Starting hand terminology and notation
There are (52 × 51)/2 = 1,326 distinct possible combinations of two hole cards from a standard 52-card deck. However, since suits are only relevant for flushes, many of these hands are indistinguishable from the point of view of pre-flop strategy. In fact, considering suits to be equivalent unless both cards are the same suit, there are precisely 169 distinct possible starting hands in hold ’em.
As an example, although J♥ J♣ and J♦ J♠ are distinct combinations of hole cards, they are indistinguishable as starting hands. Any starting hand comprising two Jacks is called pocket jacks and is denoted JJ. Similarly, any starting hand comprised of two Aces is called pocket Aces and is denoted AA, and any starting hand comprised of two 7’s is called pocket sevens and is denoted 77. Each of these starting hands is called a pocket pair or a wired pair.
The starting hands which are not pocket pairs fall into two classes – the suited hands and the unsuited hands. An example of a suited hand is 8♠ 7♠. Any starting hand comprised of an 8 and a 7 of the same suit is called 8-7 suited and is denoted 87s, where “s” is an abbreviation for “suited”. An example of an unsuited hands is Q♣ 9♦. Any starting hand comprised of a Queen and a 9 of different suits is called queen-nine offsuit and is denoted Q9 (or sometimes Q9o, where “o” is an abbreviation for “offsuit”). Remember, an “s” always denotes a suited starting hand, while the absence of an “s” always denotes an offsuit starting hand.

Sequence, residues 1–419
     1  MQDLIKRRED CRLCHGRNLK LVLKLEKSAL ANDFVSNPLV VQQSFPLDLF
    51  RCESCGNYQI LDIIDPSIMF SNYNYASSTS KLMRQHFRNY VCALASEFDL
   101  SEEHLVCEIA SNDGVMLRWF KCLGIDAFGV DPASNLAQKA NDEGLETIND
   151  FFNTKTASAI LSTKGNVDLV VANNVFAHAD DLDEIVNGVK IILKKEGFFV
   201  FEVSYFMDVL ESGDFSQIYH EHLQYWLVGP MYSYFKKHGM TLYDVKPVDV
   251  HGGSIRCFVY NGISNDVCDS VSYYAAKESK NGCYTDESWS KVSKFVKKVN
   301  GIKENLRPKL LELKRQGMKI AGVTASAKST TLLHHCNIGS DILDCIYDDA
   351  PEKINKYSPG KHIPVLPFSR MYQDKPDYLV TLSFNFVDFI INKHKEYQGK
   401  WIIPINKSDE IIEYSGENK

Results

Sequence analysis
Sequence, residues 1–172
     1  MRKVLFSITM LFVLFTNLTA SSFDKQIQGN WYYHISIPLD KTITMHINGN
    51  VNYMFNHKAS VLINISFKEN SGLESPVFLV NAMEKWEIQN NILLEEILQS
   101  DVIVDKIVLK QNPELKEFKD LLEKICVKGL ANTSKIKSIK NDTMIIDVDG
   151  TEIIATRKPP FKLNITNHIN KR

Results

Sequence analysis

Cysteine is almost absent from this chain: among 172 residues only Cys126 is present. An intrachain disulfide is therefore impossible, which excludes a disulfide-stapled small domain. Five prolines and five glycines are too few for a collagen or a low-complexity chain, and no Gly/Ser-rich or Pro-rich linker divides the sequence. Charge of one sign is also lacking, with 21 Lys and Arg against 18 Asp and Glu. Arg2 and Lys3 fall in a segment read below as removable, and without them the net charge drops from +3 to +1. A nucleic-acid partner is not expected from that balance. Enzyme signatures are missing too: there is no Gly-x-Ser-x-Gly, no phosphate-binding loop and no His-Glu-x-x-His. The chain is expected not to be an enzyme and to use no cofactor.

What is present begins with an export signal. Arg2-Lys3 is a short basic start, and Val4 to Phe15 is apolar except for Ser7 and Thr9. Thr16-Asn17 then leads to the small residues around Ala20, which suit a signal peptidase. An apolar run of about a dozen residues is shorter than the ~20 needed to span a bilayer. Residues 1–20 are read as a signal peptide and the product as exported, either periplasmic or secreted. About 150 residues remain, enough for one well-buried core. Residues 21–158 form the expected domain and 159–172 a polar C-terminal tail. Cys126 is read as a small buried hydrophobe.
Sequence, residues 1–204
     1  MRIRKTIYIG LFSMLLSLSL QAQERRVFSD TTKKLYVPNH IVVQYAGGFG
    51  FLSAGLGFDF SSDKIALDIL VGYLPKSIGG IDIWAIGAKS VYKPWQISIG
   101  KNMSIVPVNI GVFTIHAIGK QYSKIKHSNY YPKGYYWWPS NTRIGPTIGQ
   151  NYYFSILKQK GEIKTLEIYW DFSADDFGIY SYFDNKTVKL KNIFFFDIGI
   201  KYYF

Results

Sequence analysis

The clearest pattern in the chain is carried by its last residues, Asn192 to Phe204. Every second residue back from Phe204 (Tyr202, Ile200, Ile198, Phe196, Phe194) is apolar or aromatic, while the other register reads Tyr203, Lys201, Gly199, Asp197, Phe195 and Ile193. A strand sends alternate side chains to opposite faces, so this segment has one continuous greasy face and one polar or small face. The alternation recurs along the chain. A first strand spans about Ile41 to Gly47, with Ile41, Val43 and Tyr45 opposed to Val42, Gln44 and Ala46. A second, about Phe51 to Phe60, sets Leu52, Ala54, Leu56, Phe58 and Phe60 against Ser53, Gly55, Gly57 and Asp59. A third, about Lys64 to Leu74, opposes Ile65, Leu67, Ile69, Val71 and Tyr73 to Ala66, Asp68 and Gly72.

In almost all poker writing, the rank of 10 is abbreviated with the letter “T”, so that all the ranks can be written with a single character, unless cards are featured pictorially when “10” is often used.
Consecutive cards of the same suit are called suited connectors. Many starting hands have colloquial names.
Most poker authors recommend a tight-aggressive approach to playing Texas hold ’em. This strategy involves playing relatively few hands (tight), but betting and raising often with those that one does play (aggressive). Although this strategy is often recommended, some professional players successfully employ other strategies as well. While most poker authors focus on playing primarily premium starting hands, some authors claim that the importance of starting hands is overstated.
Almost all authors agree that position is an important element of Texas hold ’em strategy. Players who act later have more information than players who act earlier. As a result, players typically play fewer hands from early positions than later positions.
The no-limit and fixed limit versions of hold ’em are strategically very different. Doyle Brunson states, “In fact, the games are so different that there are not many players who rank with the best in both types of hold ’em. Many no-limit players have difficulty gearing down for limit, while limit players often lack the courage and ‘feel’ necessary to excel at no-limit.” Because the size of bets are restricted in limit games, the ability to bluff is somewhat curtailed. Since one is not (usually) risking all of one’s chips in limit poker, players are sometimes advised to take more chances.
Lower stakes limit games also exhibit different properties than higher stakes games. Small stakes games often involve more players in each hand and can vary from extremely passive (little raising and betting) to extremely aggressive (many raises). The difference of small stakes games have resulted in several books dedicated to only those games.
This guide is licensed under the GNU Free Documentation License. It uses material from the Wikipedia.
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